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  1. #1
    Registered User Reuven's Avatar
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    Default Spring - Clean and Lubricate?

    I received a clock with no history. When I fully wind it it runs for a while and then stops. There is no visible damage to the movement. I plan to dissemble, clean and oil

    How do I determine if I should fully unwind the spring to see if it needs cleaning and lubricating or leave it wound and place it back in the movement when I reassemble?

  2. #2
    Registered user. Sooth's Avatar
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    Default Re: Spring - Clean and Lubricate? (RE: Reuven)

    Well, normally you clamp the spring (there are a few ways to do this), then let down the power, and disassemble. Then you can let down the spring (there are a few ways to do this as well).

    Once the spring is 'let down', it's usually pretty easy to tell if the spring needs cleaning, or just a nice bath in the cleaning solution, then some fresh oil or grease.

    You rarely need to uncoil the whole spring, but I definitely would at least clean it, rather than just leave it as-is, and put it back in.

    In my experience, many clocks that "run for a while, then stop" have just one of two problems: 1: they just need cleaning and adjusting, or 2: they need bushing(s) or other minor work.

  3. #3
    Registered user. Joseph Bautsch's Avatar
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    Default Re: Spring - Clean and Lubricate? (RE: Reuven)

    You didn't say if the springs are in barrels are open. If in barrels they should be let down and removed for inspection and cleaning. There is no good way to inspect a spring in the barrel. If they are open springs they should be let down in clamps removed from the clock and then removed from the clamps for inspection. All of this work should be done using a spring winder for safety reasons.

  4. #4

    Default Re: Spring - Clean and Lubricate? (RE: Reuven)

    Reuven - judging from your clock vocabulary, I'm assuming you've done this before. You're going to the work of disassembly anyway, which requires letting down the springs, so it seems logical to go ahead and make sure the springs are clean and serviced just like the rest of the clock. I got one today that was repaired recently by a clocksmith but it wouldn't run. The clock was spotless, but he forgot to grease the time side mainspring, and missed a simple lever adjustment that was hosing the whole operation. It's the minor stuff that will make or break your reputation, so don't leave anything out.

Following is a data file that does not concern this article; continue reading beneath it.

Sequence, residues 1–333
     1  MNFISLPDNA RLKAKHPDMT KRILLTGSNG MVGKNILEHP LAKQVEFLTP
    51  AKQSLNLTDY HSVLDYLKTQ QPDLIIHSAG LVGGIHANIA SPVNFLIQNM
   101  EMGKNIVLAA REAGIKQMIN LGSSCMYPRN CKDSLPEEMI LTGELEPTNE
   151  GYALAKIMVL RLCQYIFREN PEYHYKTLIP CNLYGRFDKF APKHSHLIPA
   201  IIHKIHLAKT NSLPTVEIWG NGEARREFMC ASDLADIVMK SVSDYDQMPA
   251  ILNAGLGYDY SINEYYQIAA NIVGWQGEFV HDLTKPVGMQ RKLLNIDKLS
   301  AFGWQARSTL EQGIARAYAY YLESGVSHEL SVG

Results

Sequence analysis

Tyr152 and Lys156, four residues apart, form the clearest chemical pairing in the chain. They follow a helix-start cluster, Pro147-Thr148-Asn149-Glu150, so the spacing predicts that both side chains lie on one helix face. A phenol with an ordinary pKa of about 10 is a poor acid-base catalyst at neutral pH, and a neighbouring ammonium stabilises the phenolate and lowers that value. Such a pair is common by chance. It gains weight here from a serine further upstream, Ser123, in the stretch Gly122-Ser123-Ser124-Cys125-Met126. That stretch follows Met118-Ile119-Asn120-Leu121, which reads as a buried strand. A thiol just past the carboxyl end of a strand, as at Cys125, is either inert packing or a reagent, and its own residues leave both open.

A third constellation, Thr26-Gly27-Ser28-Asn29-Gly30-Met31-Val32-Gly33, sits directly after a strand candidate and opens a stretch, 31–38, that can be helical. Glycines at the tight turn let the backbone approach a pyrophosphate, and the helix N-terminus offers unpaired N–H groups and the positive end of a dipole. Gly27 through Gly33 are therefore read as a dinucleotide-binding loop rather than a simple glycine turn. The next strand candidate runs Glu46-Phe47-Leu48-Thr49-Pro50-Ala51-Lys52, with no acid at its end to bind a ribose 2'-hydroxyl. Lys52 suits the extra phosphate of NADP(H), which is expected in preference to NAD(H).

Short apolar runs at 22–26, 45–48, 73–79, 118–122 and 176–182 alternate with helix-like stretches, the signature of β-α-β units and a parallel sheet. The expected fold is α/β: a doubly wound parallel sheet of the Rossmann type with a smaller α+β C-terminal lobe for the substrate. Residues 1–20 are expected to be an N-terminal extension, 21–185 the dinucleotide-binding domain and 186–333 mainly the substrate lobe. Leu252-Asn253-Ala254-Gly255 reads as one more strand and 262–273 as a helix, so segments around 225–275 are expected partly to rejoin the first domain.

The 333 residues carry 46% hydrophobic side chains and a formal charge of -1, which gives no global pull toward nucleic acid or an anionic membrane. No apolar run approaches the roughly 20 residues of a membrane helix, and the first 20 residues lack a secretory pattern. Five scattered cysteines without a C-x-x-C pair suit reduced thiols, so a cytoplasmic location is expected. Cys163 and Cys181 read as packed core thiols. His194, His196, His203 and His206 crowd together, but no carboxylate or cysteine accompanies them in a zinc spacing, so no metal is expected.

5. #5
    Registered User Tom Kloss's Avatar
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    Default Re: Spring - Clean and Lubricate? (RE: Reuven)

    Quote Originally Posted by Reuven

    ... How do I determine if I should fully unwind the spring to see if it needs cleaning and lubricating or leave it wound and place it back in the movement when I reassemble?
    Ruven

    One of the reasons you should always dismount and unwind the spring is to give it a good visual inspection. Look for cracks, rust and particularly the condition of the end that hooks on the winding arbor. See that there are no cracks there. The fact that it is unwound also gives you the opportunity to lubricate it.

    Tom

    “Sometimes you really don’t know if your being rewarded or punished”
    "Find a need and fill it". Henry J. Kaiser


  6. #6
    Registered user.
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    Default Re: Spring - Clean and Lubricate? (RE: Reuven)

    Furthermore, if it is in a barrel you might find that the outer hole has started to tear - a common fault.
    Mike - banned member of the throwaway society.

  7. #7

    Default Re: Spring - Clean and Lubricate? (RE: Reuven)

    Reuven, here is a site that has some good info on mainsprings.
    http://www.bhi.co.uk/hints/msprhnts.htm
    Shalom aleichem
    Mike C.
    aka
    clock whisperer
    [edit=2422=1182305983][/edit]
    Mike C.
    aka clock whisperer

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